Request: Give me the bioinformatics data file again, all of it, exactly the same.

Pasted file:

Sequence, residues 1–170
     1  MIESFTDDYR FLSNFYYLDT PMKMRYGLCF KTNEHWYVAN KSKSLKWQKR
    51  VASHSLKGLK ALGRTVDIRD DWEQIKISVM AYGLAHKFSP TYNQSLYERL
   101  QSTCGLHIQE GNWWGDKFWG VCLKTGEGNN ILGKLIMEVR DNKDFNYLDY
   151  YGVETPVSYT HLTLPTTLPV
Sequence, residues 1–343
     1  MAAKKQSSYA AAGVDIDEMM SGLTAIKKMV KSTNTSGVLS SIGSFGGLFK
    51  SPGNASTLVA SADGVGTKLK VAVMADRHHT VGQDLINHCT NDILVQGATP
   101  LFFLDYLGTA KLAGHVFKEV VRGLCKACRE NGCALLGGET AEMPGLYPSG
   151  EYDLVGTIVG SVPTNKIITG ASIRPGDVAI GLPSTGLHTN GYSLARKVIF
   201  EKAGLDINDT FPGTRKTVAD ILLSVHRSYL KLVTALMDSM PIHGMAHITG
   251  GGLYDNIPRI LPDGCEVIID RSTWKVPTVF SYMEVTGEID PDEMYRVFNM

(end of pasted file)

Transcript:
Sequence, residues 1–170
     1  MIESFTDDYR FLSNFYYLDT PMKMRYGLCF KTNEHWYVAN KSKSLKWQKR
    51  VASHSLKGLK ALGRTVDIRD DWEQIKISVM AYGLAHKFSP TYNQSLYERL
   101  QSTCGLHIQE GNWWGDKFWG VCLKTGEGNN ILGKLIMEVR DNKDFNYLDY
   151  YGVETPVSYT HLTLPTTLPV
Sequence, residues 1–343
     1  MAAKKQSSYA AAGVDIDEMM SGLTAIKKMV KSTNTSGVLS SIGSFGGLFK
    51  SPGNASTLVA SADGVGTKLK VAVMADRHHT VGQDLINHCT NDILVQGATP
   101  LFFLDYLGTA KLAGHVFKEV VRGLCKACRE NGCALLGGET AEMPGLYPSG
   151  EYDLVGTIVG SVPTNKIITG ASIRPGDVAI GLPSTGLHTN GYSLARKVIF
   201  EKAGLDINDT FPGTRKTVAD ILLSVHRSYL KLVTALMDSM PIHGMAHITG
   251  GGLYDNIPRI LPDGCEVIID RSTWKVPTVF SYMEVTGEID PDEMYRVFNM